July 22, 2005
Congress Removes the Sunset Provisions from Patriot Act
While the majority of the House yesterday passed the new version of the "USA Patriot Act" which (if also passed by the U.S. Senate and signed into law by President Bush) would extend the powers of the Patriot Act indefinitely, some stalwart conservative Republicans voted against the permanent extension and voiced caveats against removing the four-year sunset provisions which were in the original law.
The question of allowing certain provisions to expire, once they are no longer needed, so-called sunset provisions, sparked a sharp exchange between two Republicans, Congressman Sensenbrenner and California Congressman Dana Rohrabacher:
ROHRABACHER: "I gladly supported Patriot Act one, [but] now they have taken out all but two of the sunset provisions, which would make those extraordinary new powers that we gave the government lapse once we have peace in this country. Any real patriot will vote against this expansion of government at the expense of the individual even when peacetime comes."
Despite more than nine hours of passionate debate, the House nearly one-upped the Senate in a surprise revolt at the conclusion of its deliberations. Nine Republicans broke ranks and voted with a united Democratic bloc on a last-ditch effort to make all 16 of the Patriot Act's most sensitive provisions subject to sunset.
"It is not a Republican vote; it is not a Democrat vote," said Rep. Rohrabacher. Instead, he cast his no vote as an attempt to adhere to the limited government envisioned by the Founding Fathers.
"This committee has done its job, it has done its job effectively, and it has made sure that the civil liberties of the people of this country have not been infringed upon. Good oversight is done by congressional leadership, not by sunsets," said Rep. James Sensenbrenner, R-Wis., who shepherded the bill through the chamber as chairman of the House Judiciary Committee.
In other words, according to Sensenbrenner, we are supposed to just trust our politicians away off in Washington, D.C. while some corrupt local cop or half-trained BATF employee or power-tripping federal marshall uses some of these Patriot Act provisions as cover for personal snooping amnd/or breaking and entering homes for no good reason other than their own capricious curiosity.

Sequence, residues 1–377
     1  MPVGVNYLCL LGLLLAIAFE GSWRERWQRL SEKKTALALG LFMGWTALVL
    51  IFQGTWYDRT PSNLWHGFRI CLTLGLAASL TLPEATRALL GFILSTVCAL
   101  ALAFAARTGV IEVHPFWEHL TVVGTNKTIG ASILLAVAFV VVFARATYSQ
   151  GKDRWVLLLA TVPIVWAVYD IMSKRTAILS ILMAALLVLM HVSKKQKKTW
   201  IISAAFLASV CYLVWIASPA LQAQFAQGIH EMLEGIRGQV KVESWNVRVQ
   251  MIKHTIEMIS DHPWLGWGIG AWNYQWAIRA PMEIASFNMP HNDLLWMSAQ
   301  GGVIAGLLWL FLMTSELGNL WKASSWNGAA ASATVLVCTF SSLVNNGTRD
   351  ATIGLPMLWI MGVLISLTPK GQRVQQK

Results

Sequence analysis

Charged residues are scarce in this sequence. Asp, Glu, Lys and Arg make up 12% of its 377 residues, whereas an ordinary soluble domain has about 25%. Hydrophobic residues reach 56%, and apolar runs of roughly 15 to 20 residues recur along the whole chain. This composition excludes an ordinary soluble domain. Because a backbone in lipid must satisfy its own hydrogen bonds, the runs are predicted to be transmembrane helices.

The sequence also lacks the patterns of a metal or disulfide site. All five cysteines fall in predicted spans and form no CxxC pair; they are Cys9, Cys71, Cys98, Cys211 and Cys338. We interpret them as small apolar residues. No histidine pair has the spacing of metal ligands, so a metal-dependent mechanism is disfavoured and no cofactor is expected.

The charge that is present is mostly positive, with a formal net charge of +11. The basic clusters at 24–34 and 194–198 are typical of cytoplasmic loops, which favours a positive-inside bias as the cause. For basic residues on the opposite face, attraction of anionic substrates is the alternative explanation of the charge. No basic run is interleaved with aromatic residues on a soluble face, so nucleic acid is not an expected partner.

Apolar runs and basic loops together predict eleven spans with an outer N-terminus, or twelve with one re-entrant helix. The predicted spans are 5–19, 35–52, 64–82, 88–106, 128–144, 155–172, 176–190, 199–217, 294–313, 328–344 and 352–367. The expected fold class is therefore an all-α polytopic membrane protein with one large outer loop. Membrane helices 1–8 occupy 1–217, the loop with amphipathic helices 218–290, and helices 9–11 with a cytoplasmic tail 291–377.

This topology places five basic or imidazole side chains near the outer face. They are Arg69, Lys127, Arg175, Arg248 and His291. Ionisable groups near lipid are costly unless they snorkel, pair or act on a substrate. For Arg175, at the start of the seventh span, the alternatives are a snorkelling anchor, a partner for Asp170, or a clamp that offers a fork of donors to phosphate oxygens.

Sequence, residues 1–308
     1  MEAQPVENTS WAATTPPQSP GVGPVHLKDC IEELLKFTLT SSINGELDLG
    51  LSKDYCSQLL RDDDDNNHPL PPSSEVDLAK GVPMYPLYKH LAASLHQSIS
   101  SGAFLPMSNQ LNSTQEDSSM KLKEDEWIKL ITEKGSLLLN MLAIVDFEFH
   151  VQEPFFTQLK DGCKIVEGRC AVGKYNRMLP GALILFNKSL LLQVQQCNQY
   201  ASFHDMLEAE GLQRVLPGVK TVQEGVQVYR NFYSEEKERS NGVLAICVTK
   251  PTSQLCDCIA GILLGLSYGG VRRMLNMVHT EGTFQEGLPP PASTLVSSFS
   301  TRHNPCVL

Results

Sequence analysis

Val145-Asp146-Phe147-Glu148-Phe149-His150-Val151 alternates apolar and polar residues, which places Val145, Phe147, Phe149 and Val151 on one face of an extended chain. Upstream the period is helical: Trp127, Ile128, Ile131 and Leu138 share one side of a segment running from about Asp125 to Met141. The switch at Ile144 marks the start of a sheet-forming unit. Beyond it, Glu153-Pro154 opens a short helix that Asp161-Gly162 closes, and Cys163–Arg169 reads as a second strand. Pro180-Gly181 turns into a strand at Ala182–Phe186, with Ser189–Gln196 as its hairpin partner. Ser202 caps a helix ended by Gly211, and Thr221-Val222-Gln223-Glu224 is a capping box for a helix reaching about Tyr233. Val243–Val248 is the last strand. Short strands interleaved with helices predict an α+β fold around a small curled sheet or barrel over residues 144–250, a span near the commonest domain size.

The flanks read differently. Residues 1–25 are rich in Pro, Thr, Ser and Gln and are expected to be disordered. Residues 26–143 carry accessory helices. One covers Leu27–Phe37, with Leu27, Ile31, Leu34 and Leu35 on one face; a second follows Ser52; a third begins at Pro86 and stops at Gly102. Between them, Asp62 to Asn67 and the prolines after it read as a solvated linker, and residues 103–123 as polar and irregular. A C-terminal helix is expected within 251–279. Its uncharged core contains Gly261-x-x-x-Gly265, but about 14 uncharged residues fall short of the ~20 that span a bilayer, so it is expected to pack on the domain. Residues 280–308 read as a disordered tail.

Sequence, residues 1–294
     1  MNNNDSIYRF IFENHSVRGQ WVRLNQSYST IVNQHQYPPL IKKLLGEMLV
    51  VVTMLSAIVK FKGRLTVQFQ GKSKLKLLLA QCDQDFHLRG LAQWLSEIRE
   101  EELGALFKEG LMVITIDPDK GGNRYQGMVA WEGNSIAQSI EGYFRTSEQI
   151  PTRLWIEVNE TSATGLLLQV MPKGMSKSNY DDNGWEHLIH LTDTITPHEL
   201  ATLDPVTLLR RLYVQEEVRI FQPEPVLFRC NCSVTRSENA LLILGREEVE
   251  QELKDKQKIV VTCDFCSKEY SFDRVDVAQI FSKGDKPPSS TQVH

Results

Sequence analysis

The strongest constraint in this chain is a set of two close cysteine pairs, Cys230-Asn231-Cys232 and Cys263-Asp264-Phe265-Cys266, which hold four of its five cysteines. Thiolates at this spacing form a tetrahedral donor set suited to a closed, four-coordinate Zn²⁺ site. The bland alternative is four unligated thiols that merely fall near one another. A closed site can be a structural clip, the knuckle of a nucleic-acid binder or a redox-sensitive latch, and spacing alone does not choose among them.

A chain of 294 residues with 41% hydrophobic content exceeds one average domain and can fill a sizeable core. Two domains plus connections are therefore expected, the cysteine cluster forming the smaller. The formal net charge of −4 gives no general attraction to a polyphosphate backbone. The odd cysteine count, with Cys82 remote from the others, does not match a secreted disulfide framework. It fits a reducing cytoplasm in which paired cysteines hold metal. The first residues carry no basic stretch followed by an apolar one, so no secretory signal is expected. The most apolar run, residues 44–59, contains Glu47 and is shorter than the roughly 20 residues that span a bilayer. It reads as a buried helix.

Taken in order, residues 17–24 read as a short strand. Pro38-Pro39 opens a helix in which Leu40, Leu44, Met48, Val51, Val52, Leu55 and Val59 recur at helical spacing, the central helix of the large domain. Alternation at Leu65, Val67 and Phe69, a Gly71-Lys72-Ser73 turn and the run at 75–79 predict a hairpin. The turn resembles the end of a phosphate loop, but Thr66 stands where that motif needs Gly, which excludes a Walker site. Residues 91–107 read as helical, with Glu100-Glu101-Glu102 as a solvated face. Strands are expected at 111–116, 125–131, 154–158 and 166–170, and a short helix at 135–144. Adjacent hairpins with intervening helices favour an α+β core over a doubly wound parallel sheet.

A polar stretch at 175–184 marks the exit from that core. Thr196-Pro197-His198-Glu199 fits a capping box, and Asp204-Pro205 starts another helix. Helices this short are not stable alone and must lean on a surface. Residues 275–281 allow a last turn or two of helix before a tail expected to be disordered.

Thomas Jefferson, one of the most revered of our nation's Founding Fathers, once warned, "Let me hear no more about having confidence in the men of government, but rather bind them down from mischief with the chains of the Constitution!"
The FBI has already admitted it used Patriot Act powers to go after instances of local corruption in Las Vegas. I don't know anyone who is in favor of corrupt or crooked business operations, but what does prosecuting a crooked business in Vegas have to do with fighting terrorism?
When Congress passed the Patriot Act in the emotional aftermath of the 9/11 terrorist attacks, a sunset provision was inserted in the bill that causes certain sections to expire at the end of 2005. The House has now voted to take away those sunset provisions and make the Patriot Act a permanent fixture of American life.
Another Republican congressman, Rep. Ron Paul of Texas, has pointed out, "Supporters of the PATRIOT Act argue that its provisions have not been abused since its passage in 2001. In essence, Justice Department officials are claiming, 'Trust us – we're the government and we say the PATRIOT Act does not threaten civil liberties.'
But this argument misses the point. Government assurances simply are not good enough in a free society. The overwhelming burden always must be placed on government to justify any new encroachment on our liberty. Now that the emotions of 9/11 have cooled, the American people are less willing to blindly accept terrorism as an excuse for expanding federal surveillance powers."